Thursday, January 24, 2013

Focus on the Father Part 9 of 10 , using the Epistle of Ephesians

Focus on the Father
Part 9 
Now, chapter 5 verse 21 is what I would call the key to this section concerning Christian family structure. This section carries over into chapter 6 verse 9. It is verse 21 that speaks forth the Fathers Heart. [Eph. 5 21 says, submit to one another out of reverence for Christ]. 

My personal belief is that this section beginning in verse 22 is one of many scriptures that get used out of its context. The easy target is the word “submit”. When our fleshly bodies and our mental psyche see that word, immediately we think we are the one who must be submitted to, and rarely do we have the right attitude about submission. 

The subject in this section is the submission in the husband and wife relationship. Possibly the phrase “sacrificial service within marriage,” as paralleled by Christ relationship to the Church would be a more apt description of verses 22 thru 33.  

Just a passing thought here. We who are married are still trying to understand the balance in the marriage relationship. Whether a marriage is of one year or sixty years, there are still times of tension to be dealt with. 

The apostle helps us by quoting Genesis 2:24, letting us know “this is a great mystery.” Is the mystery in “a man shall leave father and mother and be joined to is wife, and become one flesh?” From our human view the statement, “becoming one flesh” is a great mystery. And yet greater is the mystery that the Apostle uses to parallel this relationship. More than the mystery of creation, more than the mystery of the redemption of mankind and all that it includes, even greater than these is the relationship between Christ and His Church. 

Look at verse 21 again. Submit [yourselves, inference here is mine] to one another. If you wake up all out of sorts, submit yourself to the loving mercies of Christ, if your emotions are callused and you feel ill will towards others, submit those emotions to the One who can, and will, renew your mind. If you struggle with the idea of accepting a Loving Heavenly Father, submit yourself to Christ. You may be a believer and struggle every day with this Christian life. Do not let the enemy of your soul beat you up about these struggles, submit your self to the care of  a Heavenly Father, if for no other reason do it out of reverence for Christ.  

This section relates human relationships in family settings. Failures will come and consequences will be borne by us. But the love of our Heavenly Father will never leave us or forsake us. As we in the Church submit, and “become one with” or “cleave to” Christ, the One who perfected submission, let is learn the lesson of submission from the One who submitted perfectly to His Father’s will.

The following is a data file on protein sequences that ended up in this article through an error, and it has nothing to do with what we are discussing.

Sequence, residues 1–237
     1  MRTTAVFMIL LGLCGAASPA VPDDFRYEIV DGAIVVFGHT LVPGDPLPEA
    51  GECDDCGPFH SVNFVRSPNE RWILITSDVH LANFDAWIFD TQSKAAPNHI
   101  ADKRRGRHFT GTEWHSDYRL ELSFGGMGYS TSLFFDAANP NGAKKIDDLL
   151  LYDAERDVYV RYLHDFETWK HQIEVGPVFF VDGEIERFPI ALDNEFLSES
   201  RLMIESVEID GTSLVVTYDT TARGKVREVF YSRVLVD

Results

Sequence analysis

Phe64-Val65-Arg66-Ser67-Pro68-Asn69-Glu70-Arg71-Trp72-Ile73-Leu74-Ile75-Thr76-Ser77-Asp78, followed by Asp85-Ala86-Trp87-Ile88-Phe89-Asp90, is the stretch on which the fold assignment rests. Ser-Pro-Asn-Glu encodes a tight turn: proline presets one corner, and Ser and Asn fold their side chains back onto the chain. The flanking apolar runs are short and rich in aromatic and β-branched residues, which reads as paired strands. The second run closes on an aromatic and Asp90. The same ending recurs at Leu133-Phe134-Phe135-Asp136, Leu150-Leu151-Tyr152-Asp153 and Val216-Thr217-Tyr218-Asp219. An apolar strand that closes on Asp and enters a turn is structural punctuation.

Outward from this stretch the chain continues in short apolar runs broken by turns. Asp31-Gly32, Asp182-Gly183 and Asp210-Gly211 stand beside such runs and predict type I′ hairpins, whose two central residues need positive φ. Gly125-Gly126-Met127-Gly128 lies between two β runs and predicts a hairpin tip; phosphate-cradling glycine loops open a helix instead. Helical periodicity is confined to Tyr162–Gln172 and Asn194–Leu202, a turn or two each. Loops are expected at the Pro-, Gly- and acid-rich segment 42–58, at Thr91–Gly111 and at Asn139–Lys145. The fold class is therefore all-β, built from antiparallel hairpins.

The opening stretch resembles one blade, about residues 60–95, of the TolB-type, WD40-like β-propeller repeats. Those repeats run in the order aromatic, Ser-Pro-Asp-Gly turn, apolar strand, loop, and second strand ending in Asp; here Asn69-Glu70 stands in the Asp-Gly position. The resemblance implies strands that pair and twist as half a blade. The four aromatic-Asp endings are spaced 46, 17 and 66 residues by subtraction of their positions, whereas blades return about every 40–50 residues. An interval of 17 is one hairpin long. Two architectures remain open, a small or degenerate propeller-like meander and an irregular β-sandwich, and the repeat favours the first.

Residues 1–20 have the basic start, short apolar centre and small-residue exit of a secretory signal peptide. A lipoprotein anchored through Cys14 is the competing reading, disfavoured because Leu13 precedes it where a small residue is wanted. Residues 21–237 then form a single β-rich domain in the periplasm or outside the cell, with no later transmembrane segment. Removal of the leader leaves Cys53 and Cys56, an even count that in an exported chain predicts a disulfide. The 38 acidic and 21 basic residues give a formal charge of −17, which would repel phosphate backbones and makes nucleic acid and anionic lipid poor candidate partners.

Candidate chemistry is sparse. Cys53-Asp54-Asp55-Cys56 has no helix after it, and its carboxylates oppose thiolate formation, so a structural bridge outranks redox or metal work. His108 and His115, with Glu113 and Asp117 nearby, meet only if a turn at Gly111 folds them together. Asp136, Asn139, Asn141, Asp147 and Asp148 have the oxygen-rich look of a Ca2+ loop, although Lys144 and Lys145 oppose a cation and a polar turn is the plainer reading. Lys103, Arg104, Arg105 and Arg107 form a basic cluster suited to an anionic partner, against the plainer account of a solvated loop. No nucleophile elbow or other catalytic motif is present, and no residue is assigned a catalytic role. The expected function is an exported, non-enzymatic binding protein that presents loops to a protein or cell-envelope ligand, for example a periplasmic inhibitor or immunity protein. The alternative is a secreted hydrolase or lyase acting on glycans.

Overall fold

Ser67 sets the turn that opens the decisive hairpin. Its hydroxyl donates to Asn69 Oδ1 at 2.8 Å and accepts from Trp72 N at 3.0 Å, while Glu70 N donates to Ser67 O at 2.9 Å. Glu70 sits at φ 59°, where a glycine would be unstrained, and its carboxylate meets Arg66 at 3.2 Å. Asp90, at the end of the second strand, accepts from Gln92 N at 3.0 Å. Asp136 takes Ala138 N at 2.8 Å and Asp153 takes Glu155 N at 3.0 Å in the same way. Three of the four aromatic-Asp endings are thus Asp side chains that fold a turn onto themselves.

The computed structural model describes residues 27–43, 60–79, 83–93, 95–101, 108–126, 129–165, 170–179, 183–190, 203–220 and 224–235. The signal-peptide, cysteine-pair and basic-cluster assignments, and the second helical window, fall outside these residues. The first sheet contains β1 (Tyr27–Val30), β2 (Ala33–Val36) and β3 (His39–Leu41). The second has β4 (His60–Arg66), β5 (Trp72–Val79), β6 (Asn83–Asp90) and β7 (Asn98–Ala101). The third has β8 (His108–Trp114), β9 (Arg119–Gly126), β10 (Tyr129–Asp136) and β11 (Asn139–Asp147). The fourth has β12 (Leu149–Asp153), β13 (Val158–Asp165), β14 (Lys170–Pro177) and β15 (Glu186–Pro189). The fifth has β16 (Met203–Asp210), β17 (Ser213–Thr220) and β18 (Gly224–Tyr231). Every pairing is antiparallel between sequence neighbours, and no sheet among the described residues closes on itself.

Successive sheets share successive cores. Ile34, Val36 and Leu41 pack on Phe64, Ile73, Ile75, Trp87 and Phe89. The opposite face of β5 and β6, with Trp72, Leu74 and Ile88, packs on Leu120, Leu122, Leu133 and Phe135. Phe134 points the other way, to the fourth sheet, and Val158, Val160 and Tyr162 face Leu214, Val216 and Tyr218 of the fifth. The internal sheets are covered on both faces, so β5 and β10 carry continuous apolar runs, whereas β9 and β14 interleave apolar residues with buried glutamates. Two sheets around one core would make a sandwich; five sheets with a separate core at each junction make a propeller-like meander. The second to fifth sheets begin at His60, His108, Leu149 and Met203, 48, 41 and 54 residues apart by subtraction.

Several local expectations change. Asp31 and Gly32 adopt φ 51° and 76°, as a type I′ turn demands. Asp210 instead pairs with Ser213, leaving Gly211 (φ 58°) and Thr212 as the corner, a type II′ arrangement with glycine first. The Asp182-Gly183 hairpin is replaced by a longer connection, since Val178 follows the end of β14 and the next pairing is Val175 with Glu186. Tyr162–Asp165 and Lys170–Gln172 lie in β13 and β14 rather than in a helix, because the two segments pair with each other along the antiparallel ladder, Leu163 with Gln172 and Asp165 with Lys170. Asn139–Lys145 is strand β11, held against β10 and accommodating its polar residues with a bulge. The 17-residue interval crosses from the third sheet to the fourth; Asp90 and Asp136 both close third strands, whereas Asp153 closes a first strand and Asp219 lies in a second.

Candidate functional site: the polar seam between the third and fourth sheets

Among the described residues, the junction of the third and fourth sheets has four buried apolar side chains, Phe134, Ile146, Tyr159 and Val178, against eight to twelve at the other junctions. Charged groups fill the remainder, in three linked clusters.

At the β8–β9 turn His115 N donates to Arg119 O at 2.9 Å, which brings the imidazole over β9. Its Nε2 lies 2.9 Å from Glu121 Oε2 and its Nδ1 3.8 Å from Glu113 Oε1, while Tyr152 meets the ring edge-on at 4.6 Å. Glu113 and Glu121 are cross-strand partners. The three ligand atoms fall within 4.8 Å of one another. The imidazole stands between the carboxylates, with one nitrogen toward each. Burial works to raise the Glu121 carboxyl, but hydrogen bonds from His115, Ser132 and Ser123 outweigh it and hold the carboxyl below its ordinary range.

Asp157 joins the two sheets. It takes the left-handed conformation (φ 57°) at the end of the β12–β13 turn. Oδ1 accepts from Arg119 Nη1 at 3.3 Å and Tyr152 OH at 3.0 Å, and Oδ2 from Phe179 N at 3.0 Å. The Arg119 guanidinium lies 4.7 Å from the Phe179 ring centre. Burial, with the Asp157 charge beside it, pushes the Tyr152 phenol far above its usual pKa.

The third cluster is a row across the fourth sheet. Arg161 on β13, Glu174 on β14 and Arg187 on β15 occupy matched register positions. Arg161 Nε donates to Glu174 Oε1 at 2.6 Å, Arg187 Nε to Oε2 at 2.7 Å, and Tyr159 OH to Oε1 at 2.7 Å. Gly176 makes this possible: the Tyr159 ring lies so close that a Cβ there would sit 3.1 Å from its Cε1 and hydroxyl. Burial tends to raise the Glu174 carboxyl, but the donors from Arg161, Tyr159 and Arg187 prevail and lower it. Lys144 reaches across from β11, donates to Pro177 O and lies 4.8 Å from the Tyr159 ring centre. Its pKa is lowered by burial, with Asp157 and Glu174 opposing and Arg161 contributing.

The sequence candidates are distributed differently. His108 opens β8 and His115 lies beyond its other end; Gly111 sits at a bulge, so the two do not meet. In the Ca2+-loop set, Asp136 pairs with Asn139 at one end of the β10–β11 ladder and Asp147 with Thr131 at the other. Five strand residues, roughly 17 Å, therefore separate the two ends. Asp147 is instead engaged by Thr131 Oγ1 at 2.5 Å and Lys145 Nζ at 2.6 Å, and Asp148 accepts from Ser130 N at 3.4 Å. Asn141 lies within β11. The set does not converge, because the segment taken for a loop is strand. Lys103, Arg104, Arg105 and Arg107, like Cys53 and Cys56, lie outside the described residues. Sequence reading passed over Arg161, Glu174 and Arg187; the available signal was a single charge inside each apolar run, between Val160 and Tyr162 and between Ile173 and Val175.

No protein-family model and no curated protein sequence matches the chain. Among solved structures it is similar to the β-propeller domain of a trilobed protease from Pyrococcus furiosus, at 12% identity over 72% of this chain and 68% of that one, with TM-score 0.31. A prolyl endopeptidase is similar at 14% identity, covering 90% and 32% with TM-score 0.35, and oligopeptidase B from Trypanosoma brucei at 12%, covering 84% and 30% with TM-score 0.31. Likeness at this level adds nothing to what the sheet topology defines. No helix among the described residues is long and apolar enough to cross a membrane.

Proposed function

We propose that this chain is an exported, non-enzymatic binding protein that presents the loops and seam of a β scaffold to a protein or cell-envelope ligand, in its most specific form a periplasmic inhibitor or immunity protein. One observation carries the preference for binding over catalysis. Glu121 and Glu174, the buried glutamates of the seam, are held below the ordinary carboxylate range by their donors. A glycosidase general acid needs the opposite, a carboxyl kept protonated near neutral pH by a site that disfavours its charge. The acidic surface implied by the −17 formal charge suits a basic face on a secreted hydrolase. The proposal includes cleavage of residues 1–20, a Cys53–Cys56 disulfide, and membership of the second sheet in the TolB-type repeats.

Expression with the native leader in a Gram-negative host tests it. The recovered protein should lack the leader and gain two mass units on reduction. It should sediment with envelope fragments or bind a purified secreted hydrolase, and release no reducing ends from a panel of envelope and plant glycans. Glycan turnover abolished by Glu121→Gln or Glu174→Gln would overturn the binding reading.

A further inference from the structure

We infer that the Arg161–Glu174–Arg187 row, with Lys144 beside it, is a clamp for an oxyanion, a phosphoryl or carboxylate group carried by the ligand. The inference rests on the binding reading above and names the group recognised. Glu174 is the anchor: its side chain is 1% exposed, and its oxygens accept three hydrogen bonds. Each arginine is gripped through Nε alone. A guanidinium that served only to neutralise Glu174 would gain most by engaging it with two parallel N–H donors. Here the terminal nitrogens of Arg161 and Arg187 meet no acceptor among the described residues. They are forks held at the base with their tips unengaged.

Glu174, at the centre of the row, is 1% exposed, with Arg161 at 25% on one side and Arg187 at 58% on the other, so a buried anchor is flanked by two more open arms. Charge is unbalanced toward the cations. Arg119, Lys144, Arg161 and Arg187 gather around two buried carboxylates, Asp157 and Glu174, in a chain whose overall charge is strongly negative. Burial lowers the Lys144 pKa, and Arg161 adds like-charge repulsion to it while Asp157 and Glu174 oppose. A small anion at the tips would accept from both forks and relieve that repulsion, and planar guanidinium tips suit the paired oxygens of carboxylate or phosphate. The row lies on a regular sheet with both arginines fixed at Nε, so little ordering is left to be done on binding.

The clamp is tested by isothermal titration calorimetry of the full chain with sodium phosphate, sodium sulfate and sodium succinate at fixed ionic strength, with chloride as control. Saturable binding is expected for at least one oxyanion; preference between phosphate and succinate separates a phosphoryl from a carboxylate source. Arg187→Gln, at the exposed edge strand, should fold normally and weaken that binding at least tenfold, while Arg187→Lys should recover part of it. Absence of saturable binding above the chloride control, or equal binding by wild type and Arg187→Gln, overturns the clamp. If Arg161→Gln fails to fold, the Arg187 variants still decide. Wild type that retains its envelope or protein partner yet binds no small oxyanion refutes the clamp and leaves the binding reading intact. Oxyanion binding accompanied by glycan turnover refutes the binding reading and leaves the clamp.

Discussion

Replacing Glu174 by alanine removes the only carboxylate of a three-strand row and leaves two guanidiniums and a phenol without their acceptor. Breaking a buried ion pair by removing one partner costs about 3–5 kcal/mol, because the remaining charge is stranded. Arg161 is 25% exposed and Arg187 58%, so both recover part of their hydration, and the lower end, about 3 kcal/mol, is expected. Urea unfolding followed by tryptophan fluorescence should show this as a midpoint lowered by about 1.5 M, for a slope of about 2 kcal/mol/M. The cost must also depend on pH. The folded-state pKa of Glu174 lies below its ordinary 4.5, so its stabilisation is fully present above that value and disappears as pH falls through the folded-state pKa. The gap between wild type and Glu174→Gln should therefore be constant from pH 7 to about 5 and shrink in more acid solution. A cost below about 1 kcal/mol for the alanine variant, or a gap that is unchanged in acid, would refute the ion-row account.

Jim Mussetter


Tuesday, June 15, 2010

Flying Blind

I am having trouble giving this thought process a title; maybe it will work itself out as I get started. Maybe, “The best laid plans of mice and men.” Or to quote the song; “God is in Control.”

One of the memorable trips that Sweet Pea and I took during the NASCAR show car stage of our lives had a couple unique twists to it. We typically would leave one show site and head toward the next one. Some shows had two or three days between them; it did get to be busy sometimes but I would never complain about doing that job.

This particular trip was in the winter. We just had about ten days off and came back to Bill Elliott Ford in Georgia to pick up our truck and trailer. The gentleman who scheduled our shows informed us that there was a show to do for a McDonald’s owner in Tyler, Texas. So off we go; feeling pretty good about ourselves, having done about seventy five shows by this time. We were confident in our ability. We were expecting a smooth trip to Texas, and after ten days in Ohio enduring a blizzard, the weather would certainly be better.

Twist number one would come in Vicksburg, Mississippi. We were parking in the hotel parking lot; the local news was talking about a storm moving in from the west, with the possibility of rain and ice. By nature I like volatile weather, Sweet Pea does not enjoy even the mention of it. After retiring for the evening, I knew Sweet Pea would be up all night thinking about the weather. Sure enough, at about six thirty in the morning she awakened me and mentioned that the rain had begun and it was near freezing.

After checking out, we pulled out of the parking lot and the exit went right to the on ramp for I-20 west. At that moment we could see straight up the westbound lanes of the bridge crossing the mighty Mississippi, and there were cars and trucks headed in every direction. Trucks were sliding into the guard rails on either side of the bridge; some cars had stopped and couldn’t get moving again. I didn’t have time to look over at Sweet Pea but in my mind I knew she was about to cry. In that instant my foot did not leave the accelerator; “the foot” knew that to stop was trouble. We moved slowly but steadily up the bridge, never turning the steering wheel, never spinning a tire. At the peak of the bridge I took a deep breath and looked over at Sweet Pea who was crying and praying or praying and crying, I don’t know which, but it worked either way. On reaching the top, one quick breath was all we could get in because going down the other side was just as dangerous but, God again protected us. That image of cars and trucks on the bridge that morning is one I will never forget; nor will I forget God’s favor toward us in that situation.